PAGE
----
Christopher Krebs. Photo: Tasos Katopodis/Getty Images
The head of the Department of Homeland Security's cybersecurity division described a popular class of anonymizing tools known as VPNs — particularly ones made in authoritarian countries — as a potential threat to data security and national security in a letter to Sen. Ron Wyden (D-Ore.) that was shared with Cyberscoop.
Why it matters: The services disguise the internet address and browsing habits of their clients from websites and eavesdroppers, but the VPNs themselves are potentially aware of every move a client makes online and every password they enter, making less-scrupulous VPNs an ideal espionage tool.
The backdrop: There have long been concerns about how difficult it is to identify fraudulent VPNs. A simple Google search turns up dozens of potential VPN services, and researchers have discovered several free VPN services that manipulate user traffic for advertising purposes or even sell user bandwidth.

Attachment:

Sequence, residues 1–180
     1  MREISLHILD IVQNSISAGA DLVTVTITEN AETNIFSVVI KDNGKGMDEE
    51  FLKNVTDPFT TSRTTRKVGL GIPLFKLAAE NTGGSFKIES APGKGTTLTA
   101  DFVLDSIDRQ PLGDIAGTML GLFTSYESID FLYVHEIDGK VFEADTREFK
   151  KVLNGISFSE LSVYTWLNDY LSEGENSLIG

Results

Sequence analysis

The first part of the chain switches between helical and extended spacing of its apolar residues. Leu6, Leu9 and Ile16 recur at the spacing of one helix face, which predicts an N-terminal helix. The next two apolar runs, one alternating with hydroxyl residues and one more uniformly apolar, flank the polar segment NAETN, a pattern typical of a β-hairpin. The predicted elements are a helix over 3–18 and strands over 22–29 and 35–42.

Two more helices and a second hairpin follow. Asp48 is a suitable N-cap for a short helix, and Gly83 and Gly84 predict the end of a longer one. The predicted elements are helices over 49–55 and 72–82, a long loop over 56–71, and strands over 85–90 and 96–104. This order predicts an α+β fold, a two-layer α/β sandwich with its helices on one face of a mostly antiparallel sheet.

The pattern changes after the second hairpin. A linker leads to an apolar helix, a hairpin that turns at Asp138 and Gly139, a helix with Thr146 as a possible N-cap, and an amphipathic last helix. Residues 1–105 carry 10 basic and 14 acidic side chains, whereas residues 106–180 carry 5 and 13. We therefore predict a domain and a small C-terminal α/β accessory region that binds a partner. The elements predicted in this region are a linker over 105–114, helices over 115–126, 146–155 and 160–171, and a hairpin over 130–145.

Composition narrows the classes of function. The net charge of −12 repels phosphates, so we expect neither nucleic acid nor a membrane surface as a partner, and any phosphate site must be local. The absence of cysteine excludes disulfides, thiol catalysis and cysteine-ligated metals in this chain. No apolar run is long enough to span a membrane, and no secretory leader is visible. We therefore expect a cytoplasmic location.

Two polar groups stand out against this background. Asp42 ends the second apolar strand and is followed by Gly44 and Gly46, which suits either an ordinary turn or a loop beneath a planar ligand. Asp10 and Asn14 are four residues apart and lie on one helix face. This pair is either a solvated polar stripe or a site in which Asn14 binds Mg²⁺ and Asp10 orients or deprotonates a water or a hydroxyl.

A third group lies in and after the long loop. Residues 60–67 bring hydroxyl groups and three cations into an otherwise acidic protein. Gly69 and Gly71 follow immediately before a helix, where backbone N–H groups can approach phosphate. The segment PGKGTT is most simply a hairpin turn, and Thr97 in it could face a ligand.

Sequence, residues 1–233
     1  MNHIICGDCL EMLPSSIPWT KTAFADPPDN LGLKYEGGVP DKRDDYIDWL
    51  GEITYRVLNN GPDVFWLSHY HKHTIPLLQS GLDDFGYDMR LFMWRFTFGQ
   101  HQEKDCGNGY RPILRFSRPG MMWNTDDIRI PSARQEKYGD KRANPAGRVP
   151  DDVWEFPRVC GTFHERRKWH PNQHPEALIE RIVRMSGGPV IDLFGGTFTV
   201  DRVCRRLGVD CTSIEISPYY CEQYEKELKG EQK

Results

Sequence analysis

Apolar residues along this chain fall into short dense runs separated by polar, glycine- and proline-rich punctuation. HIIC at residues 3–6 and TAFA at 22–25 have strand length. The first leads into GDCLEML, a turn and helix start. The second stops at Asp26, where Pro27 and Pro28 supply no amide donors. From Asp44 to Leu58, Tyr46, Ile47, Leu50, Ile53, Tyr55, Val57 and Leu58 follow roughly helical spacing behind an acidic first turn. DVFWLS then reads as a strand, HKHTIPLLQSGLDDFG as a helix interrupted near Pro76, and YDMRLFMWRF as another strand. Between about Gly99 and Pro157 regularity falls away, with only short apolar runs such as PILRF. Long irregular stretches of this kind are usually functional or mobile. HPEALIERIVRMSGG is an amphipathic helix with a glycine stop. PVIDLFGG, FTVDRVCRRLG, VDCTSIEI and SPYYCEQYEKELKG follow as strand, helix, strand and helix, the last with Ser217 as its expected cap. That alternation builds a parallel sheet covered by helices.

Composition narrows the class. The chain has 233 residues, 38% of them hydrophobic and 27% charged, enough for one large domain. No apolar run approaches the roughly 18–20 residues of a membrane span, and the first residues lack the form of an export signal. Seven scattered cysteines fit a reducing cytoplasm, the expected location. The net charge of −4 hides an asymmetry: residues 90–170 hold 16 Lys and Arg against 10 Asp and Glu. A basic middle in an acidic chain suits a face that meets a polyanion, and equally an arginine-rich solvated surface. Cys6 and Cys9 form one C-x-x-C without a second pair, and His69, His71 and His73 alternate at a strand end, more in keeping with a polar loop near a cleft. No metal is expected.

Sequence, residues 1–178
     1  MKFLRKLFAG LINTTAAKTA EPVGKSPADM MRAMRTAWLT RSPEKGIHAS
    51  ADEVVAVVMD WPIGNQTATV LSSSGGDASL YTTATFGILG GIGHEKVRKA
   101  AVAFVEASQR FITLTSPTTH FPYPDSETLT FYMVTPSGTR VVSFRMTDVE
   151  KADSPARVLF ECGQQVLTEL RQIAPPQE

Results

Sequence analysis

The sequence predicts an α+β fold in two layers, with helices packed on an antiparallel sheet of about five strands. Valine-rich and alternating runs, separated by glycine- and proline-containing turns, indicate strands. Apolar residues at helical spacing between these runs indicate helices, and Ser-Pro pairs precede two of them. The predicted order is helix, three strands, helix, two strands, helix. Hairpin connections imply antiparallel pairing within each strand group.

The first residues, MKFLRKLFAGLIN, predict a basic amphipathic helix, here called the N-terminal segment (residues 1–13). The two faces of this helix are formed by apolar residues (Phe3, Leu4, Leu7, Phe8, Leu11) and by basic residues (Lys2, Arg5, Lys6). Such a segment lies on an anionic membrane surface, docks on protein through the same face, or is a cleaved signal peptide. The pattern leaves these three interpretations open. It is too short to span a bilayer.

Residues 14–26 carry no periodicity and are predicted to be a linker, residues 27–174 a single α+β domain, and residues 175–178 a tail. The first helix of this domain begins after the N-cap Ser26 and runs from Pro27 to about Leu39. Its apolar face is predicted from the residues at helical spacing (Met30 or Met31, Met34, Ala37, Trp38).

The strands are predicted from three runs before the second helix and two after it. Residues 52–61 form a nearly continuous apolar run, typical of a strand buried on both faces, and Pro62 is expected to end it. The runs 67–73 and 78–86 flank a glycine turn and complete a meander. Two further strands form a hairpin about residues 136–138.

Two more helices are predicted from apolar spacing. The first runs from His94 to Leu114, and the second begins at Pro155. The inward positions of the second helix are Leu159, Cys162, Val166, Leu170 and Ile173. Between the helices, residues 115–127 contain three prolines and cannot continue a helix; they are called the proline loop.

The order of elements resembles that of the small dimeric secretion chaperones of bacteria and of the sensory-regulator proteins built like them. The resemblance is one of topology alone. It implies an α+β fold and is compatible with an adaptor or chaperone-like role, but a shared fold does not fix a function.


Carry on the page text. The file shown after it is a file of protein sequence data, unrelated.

- There has not been similar research into the national security risks of VPNs.
Details: Christopher Krebs, director of the Department of Homeland Security's Cybersecurity and Infrastructure Security Agency (CISA), sent the letter to Wyden, on May 22.
- Wyden had asked about the dangers of VPNs in February.
- Krebs noted that India had recently accused a number of popular Chinese apps of all types of being used in surveillance operations — and that any VPN app made in Russia would be legally bound to share customer data with the Russian government.
- He declared that the risk to government systems was low to moderate, noting that the number of federal employees using vulnerable networks are unknown and quite possibly very low.